Humans in the Landscape
Shortly before my father died, he was reading “The Road to Wigan Pier”. He had been struck by Orwell’s description of the industrial scars and the poisonous detritus in Northern England in the 1930s. I had been walking a great deal, and my father wanted to know whether I too had found a landscape “wrecked by too many centuries of industry; too many people in too small an island.” But in fact our environment is, in many ways, in a much healthier place than when Orwell was alive and my father was young.
Acid rain has been removed from the air, and chemicals from the rivers. Our beaches have never been so clean. Our engines have never been less polluting. Mile after mile of new rowan, birch, oak and ash have been planted by highways, on old rail tracks, and along the sides of deep gills. The increase in woodland cover is staggering. When my father was born, only two per cent of England had been covered with woodland. The figure today is closer to ten per cent. Part of this is due to economic change. The lead, iron and bauxite mines of the Lake District, and the coal mines of the Cumbrian West coast – which employed thousands in my father’s youth – are all gone. So too are the military munitions sites, airfields, nuclear plants, and secret test sites which were scattered across the border valleys forty years ago.
Part of it is about different approaches to agriculture. Over-stocking has largely disappeared with the old headage payments. And we are getting much better at agri-environmental schemes. Walking through Peppering Farm in Sussex, for example, three weeks ago, I saw how by moving to smaller fields, wider hedgerow margins, more crop rotations, and more feed for birds, the Arundel Estate has combined profitable crops, with an explosion of birds: skylark numbers have tripled, lapwings doubled, and grey partridge have increased almost one hundred-fold since 2003. Sometimes, as in Knepp in mid-Sussex, the transformation has come through ceasing arable agriculture (I have never heard bird-song so loud and beautiful, or been more moved by the sight of Tamworth pigs, and long-horn, and red deer moving through a primeval savannah of unruly flowering hawthorn and thick willow).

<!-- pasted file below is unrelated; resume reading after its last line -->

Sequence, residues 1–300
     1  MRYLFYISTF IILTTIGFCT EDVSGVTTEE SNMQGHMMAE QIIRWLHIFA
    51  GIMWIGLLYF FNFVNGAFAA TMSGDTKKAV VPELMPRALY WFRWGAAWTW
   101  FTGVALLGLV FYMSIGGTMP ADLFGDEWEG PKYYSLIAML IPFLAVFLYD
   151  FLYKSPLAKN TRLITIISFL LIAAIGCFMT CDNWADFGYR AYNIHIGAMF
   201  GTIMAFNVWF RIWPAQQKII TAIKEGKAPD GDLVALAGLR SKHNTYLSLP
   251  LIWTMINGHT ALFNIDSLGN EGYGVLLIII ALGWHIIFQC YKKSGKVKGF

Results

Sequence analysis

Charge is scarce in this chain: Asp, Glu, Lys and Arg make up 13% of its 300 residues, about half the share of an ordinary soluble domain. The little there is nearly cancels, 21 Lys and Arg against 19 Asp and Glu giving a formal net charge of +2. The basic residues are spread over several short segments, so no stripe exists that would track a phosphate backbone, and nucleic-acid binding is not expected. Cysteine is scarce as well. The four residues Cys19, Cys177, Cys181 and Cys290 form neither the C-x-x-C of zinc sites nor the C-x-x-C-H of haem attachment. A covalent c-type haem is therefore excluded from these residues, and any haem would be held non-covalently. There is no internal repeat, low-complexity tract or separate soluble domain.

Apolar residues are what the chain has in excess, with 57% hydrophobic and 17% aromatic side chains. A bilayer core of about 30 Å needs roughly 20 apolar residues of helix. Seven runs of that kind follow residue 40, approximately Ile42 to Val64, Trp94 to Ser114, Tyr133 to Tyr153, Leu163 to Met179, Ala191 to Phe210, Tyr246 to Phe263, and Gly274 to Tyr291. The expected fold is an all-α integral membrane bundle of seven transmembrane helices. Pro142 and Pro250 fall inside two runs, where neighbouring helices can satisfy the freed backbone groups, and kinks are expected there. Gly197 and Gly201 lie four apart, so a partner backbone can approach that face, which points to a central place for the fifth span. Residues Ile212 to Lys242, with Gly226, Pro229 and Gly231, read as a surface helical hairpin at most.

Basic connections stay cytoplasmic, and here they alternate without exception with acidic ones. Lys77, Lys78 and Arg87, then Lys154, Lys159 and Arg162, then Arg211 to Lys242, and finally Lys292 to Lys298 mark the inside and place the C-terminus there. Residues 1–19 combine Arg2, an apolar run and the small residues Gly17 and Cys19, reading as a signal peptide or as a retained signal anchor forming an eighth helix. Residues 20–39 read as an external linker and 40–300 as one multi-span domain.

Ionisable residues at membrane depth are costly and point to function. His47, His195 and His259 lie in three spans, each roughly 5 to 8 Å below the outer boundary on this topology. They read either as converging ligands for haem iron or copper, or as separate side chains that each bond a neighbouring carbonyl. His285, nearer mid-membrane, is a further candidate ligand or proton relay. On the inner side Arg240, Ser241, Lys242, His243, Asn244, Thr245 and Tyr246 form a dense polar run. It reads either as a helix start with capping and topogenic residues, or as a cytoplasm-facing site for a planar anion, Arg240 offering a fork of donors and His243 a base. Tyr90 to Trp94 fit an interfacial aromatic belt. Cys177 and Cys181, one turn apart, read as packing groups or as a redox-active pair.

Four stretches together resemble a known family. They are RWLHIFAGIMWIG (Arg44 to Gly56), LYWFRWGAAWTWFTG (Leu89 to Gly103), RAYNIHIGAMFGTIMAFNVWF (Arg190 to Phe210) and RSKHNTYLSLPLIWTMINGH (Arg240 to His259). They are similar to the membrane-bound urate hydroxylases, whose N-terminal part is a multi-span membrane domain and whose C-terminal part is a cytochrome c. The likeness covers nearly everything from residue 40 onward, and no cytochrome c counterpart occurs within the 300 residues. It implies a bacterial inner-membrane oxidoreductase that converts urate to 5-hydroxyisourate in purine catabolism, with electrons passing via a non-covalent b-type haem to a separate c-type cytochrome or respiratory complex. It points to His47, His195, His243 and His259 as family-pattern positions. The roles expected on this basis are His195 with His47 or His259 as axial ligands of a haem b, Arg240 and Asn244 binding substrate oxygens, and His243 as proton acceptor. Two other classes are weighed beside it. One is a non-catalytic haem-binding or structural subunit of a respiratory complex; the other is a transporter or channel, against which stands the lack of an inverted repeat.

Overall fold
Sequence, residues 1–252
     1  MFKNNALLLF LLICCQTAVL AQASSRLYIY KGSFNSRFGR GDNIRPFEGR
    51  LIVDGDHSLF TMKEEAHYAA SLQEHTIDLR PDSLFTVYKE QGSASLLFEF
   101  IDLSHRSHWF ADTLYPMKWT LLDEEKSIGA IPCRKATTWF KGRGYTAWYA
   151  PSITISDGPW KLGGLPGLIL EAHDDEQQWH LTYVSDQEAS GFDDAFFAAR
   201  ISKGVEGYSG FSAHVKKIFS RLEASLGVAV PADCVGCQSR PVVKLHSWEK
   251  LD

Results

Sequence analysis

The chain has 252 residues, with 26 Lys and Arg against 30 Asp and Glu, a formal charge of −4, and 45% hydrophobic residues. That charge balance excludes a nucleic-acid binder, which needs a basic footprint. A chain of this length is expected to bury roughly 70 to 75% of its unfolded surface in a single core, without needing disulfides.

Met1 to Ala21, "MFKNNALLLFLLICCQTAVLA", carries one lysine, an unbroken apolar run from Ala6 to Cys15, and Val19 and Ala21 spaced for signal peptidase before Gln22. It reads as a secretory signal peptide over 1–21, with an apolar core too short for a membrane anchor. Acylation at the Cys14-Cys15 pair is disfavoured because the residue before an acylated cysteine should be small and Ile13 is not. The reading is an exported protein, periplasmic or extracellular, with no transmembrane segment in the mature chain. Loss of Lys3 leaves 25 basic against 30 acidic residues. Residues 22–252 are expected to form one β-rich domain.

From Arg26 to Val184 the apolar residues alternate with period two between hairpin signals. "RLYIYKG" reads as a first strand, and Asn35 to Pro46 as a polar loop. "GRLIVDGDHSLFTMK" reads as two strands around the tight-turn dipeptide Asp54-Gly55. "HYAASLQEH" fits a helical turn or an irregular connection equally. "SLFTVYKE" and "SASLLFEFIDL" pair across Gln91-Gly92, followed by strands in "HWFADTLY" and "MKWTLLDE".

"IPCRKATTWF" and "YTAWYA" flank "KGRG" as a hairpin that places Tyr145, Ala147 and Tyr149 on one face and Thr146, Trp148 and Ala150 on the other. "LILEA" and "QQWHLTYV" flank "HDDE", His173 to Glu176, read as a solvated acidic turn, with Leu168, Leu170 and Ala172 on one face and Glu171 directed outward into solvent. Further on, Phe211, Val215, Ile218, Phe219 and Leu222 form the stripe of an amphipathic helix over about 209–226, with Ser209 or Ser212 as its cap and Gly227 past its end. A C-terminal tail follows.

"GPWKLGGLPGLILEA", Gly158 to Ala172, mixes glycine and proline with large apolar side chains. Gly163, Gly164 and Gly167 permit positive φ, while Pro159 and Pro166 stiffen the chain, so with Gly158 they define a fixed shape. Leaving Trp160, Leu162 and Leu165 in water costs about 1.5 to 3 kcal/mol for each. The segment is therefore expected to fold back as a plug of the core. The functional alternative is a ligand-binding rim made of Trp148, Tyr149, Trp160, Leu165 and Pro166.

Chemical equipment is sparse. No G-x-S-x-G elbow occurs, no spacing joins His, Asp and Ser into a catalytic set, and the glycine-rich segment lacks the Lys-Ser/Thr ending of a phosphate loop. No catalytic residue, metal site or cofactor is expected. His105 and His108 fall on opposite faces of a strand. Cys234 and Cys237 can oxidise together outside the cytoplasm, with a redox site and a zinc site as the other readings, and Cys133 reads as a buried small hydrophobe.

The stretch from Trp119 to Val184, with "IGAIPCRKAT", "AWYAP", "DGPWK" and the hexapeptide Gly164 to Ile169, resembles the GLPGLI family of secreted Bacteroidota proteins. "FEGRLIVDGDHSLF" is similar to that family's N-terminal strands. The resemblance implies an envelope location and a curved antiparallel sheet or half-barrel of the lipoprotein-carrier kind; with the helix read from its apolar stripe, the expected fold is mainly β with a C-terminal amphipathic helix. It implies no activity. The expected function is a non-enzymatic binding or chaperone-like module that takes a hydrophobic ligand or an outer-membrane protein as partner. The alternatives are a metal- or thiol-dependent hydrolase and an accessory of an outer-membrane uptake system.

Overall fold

In the National Forest, the secret has been a DEFRA-funded scheme of tree-planting which, over twenty-five years, has turned the industrial landscape of the West Midlands – bare mines and potteries – into a paradise of glades and copses. And last weekend I saw how the Peak District National Park has restored bare black peat, poisoned by two centuries of acid rain, back into native grassland, heather, and sphagnum moss. But where does this leave the Cumbrian landscape? These other projects have easy champions in ‘environmental’ or ‘farming’ camps. They are able to count things like farmland birds, tonnes of carbon, or cost of production. The landscape of much of England today – in which we are able to see far more birds of prey in the sky, more badger setts and more otter holts, but fewer farmland birds, probably fewer hedgehogs or water-voles, and certainly fewer salmon – reflects the ability of these different interests to bend subsidies, regulations and land-use in order to back their different agendas. And our small traditional sheep farms, often represent exactly what such interests think they want to eradicate.
The environmental movement is tempted to argue that the sheep are damaging to bio-diversity or water quality, and agricultural economists are tempted to argue that small farming is inefficient and lacks ‘economies of scale.’ They rarely acknowledge that here in Cumbria, we have inherited a landscape of small farms, where every wall, and barn, and flock carries the trace of a thousand years of human cultivation, and management – which is unique in Europe, and uniquely beautiful. So, how do you promote projects such as the farms at Peppering, the rewilding at Knepp, the reseeding of the Dark Peak, while still maintaining Lake District hill farms? The answer, I believe, is to emphasise something which is not easy to measure or justify in a government document: beauty. But hard-headed types need not be so worried.
It is beauty that ensures that millions of people pay to visit our landscape, it is beauty that will guarantee that future generations care about our land and defend it. And what has struck me in my recent walks is that these environmental and agricultural projects, which I have visited are in fact obviously and profoundly beautiful. But beauty is a more generous, open idea than ‘food production’ or the ‘environment’ because it leaves room for the human, the historical; for a dry-stone wall or a medieval bank-barn, as much as a productive crop; for a Herdwick lamb as much a lapwing.
What I should have said to my father, is that if his generation’s problem was too much human interference in the landscape, ours is the reverse – we are losing our belief in a positive role for humans in our landscape – and the way to restore it is to be less embarrassed about admitting what we love.